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UT STEM Academy Combines Biomedical Science with CSI

Students at the University of Texas Permian Basin STEM Academy, a K-12 charter school on the UTPB campus, are applying biomedical science to a crime scene investigation as part of a fast-track STEM program.

University of Texas Permian Basin.jpg
University of Texas Permian Basin
(TNS) — University of Texas Permian Basin STEM Academy students are talking a deep dive into biomedical science by working on a crime scene investigation.

Project Lead the Way biomedical science teacher Karey Grametbaur said her 35 students are figuring out crime scene investigation and what it means to be a crime scene analyst, what it means to be working in a lab if you're doing the blood testing and things of that type.

The students have been introduced to the victim, Anna Garcia, and found drops of blood. They learned she already had a cut on her head.

This particular class is called Principles of Biomedical Science and it's a track students chose called the biomed track, Grametbaur said. It exposes them to the many jobs related to the biomedical and medical fields.

"... They just get the chance to explore all sorts of stuff, to see what sticks with them, so that when they are ready to make the choice for college, they know they are at least a little bit more informed about what they do or do not like," Grametbaur said.

The students in her class are in the first year of the track, so most of them are ninth graders.

And this is a first-year class and it's the first year of their track, so most of these students are ninth graders.

"They will take one class a year until they graduate and there's four different classes in this track," Grametbaur said.

Second-year students are taking human body systems. They'll go into depth on each system and how it works.

The third year class is called medical interventions. In a recent scenario in that class, they finished a case involving some college students.

"... One of them came in sick to the clinic and we had to go through all the process of how to diagnose her. We did DNA on her to figure out what was in her body who and we used a national database program called the BLAST" to reach a diagnosis for her, which was meningitis.

"Now we're about to figure out how to start treating her meningitis. It took us six weeks to figure out she had meningitis. ... We're about to start figuring out how she how to treat her," Grametbaur said.

The fourth year class is called biomedical innovations. In a recent class, they were figuring out what to put in an emergency room facility and how it would be set up.

"... They actually made some models of those for the presentation, so it gives them so many opportunities to figure out if they like the biomedical sciences and maybe which one before they even graduate from high school. It's an amazing program," she added.

During her class on a recent Monday, Grametbaur said they were conducting a confirmatory test for blood type. She noted that they aren't using real blood.

Grametbaur added that she had to research many of the things the students are learning before teaching them.

"It was a little bit more complicated ... than what I had in college, so it took me a little bit of time to adjust and adapt to that. I'm still having to research a little bit before each topic. ... It's a lot of fun, though. It's very interesting stuff and I had degrees in biology, so it's definitely a passion of mine," Grametbaur said.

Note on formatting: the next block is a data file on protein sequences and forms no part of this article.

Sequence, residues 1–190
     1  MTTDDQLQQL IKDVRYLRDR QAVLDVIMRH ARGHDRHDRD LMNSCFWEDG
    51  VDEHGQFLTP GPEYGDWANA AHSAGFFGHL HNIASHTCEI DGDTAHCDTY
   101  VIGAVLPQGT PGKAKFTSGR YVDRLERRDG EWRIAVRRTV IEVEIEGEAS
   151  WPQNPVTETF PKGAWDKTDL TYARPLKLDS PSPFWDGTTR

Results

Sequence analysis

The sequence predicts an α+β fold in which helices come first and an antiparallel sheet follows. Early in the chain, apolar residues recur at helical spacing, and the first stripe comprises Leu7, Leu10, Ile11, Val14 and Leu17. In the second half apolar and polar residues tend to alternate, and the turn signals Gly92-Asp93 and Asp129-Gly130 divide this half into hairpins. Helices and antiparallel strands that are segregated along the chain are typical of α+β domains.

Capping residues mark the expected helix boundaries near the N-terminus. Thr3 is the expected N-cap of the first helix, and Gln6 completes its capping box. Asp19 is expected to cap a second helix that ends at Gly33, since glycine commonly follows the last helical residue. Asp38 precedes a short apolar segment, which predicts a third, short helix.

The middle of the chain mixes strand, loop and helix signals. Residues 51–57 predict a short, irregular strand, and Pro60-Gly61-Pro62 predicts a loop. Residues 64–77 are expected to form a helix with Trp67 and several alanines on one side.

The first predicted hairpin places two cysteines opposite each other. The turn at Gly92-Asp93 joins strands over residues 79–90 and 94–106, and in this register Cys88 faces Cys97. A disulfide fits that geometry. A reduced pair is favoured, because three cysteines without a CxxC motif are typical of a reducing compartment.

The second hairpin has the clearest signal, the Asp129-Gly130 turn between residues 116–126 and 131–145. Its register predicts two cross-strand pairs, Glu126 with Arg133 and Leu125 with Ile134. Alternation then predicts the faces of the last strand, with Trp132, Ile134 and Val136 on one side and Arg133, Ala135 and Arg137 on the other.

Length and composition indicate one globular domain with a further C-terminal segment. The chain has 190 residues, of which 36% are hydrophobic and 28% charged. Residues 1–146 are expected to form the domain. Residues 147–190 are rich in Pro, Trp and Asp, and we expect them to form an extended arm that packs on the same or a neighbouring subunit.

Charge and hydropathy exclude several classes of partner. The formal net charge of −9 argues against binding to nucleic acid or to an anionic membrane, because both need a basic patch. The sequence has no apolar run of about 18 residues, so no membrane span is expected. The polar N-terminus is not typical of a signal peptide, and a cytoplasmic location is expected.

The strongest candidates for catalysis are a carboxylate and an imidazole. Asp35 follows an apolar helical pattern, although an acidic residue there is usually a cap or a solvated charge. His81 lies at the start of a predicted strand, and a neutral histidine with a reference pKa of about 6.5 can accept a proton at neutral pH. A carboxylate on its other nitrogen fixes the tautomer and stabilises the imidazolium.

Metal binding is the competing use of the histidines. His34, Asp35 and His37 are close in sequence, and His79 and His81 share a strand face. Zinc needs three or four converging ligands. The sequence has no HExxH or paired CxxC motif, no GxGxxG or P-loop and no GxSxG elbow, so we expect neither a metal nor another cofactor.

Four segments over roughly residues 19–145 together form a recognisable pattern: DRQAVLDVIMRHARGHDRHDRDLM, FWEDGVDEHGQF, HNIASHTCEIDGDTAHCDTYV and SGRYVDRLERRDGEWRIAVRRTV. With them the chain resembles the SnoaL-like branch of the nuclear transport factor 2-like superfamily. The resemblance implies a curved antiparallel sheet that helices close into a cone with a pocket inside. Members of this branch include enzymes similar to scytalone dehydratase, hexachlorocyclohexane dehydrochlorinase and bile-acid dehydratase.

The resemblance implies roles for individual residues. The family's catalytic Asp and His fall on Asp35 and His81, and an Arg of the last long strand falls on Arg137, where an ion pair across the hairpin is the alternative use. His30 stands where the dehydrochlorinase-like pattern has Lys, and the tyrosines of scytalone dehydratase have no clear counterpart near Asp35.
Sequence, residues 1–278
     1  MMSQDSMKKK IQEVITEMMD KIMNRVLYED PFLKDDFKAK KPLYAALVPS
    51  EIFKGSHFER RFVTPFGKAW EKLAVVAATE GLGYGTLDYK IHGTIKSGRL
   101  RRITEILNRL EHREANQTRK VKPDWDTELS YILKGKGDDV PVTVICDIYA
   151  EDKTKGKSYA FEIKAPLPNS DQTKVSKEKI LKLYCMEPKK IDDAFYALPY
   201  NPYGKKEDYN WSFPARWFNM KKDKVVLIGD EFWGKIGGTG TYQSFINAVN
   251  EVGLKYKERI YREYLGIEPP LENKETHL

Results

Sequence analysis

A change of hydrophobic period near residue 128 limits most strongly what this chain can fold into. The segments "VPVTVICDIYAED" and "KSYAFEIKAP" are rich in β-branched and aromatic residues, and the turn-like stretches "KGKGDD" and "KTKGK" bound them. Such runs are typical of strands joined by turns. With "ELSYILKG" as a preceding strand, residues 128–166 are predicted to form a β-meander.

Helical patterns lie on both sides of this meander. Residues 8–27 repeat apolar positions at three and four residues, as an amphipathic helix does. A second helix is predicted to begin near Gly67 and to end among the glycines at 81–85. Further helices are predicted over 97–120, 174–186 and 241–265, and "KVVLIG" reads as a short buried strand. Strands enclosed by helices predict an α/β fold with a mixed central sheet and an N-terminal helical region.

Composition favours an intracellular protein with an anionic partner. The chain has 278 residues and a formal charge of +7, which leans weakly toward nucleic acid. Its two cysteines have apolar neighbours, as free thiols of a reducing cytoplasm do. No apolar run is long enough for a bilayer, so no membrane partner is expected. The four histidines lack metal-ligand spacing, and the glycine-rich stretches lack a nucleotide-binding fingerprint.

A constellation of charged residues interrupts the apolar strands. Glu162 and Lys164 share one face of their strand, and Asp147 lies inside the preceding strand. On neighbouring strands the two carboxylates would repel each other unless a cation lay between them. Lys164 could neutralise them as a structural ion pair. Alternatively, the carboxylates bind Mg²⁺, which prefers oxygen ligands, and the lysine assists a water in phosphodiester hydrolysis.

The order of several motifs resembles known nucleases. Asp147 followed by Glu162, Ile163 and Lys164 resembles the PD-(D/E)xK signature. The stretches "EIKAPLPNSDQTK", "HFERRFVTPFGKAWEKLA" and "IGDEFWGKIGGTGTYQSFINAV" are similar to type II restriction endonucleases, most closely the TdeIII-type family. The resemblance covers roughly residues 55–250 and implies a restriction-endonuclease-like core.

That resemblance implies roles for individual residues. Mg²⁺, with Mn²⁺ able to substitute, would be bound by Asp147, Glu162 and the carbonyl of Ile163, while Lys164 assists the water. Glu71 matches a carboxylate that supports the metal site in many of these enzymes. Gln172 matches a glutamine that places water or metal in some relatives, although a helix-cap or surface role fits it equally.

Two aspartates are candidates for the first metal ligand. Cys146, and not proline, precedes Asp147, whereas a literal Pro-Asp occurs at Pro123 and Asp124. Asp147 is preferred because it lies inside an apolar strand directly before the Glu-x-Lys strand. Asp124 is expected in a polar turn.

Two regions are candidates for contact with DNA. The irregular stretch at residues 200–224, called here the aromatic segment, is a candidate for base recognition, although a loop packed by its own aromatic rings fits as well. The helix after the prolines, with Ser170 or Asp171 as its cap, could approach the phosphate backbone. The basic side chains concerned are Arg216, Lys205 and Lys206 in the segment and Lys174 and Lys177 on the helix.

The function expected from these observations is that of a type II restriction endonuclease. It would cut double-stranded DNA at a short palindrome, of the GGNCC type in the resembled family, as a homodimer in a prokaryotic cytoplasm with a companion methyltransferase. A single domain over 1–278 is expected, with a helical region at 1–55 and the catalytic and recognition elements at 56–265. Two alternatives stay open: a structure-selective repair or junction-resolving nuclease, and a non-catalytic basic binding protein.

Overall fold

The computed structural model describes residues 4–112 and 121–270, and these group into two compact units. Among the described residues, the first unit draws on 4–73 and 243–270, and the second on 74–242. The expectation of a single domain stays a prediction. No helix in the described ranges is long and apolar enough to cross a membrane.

Ninth graders Cassie Browning, 14, and Bryan Nash, 15, are two of Grametbaur's students.

"I've always like everything to do with science and that's pretty much my only reasoning," for taking the class, Nash said.

Browning said she was drawn to the class because it was the best match for the career she's thinking of pursuing.

She's thinking of archaeology.

"This is a little a little out there, but it's the best choice compared to the other two choices I could have gone (with) ...," Browning said.

Nash said he has enjoyed everything about the course.

"I like doing the little experiments she has us do. They're really fascinating," he said. ... I haven't decided what career I want to go into for science, this is giving me a taste of one part of it and eventually others, so I'm just enjoying figuring out what I do and don't like about it," Nash said.

Like Nash, Browning said there are a lot of different things she likes about it.

"I especially like these little experiments because you see them on ... crime shows and stuff. And I'm like, that's cool. And to be able to actually do them myself do see how they work is just really interesting," Browning said.

She added that she will probably stay in this track.

"... I'm learning a lot right now and I thought when I got in I was going to be all really queasy and stuff because I thought we were going to do a lot of cutting open bodies and dissections and that wasn't always the my favorite thing. But I think I think I'll be okay," Browning said.

Nash said he would probably stay with this track, too.

"... I enjoy what we're doing ... I'd like to expand a little bit, but this is really, really fun and fascinating," Nash said.

Joleigh Hall, a 14-year-old freshman, said she wants to become a neonatal surgeon, so "I've always just been into this kind of stuff."

Hall said she enjoyed crime scene investigation.

"... I never really thought I was into that until this class," she said. "I really enjoy it. You learn a lot of stuff about like different ways people die."

©2021 the Odessa American (Odessa, Texas). Distributed by Tribune Content Agency, LLC.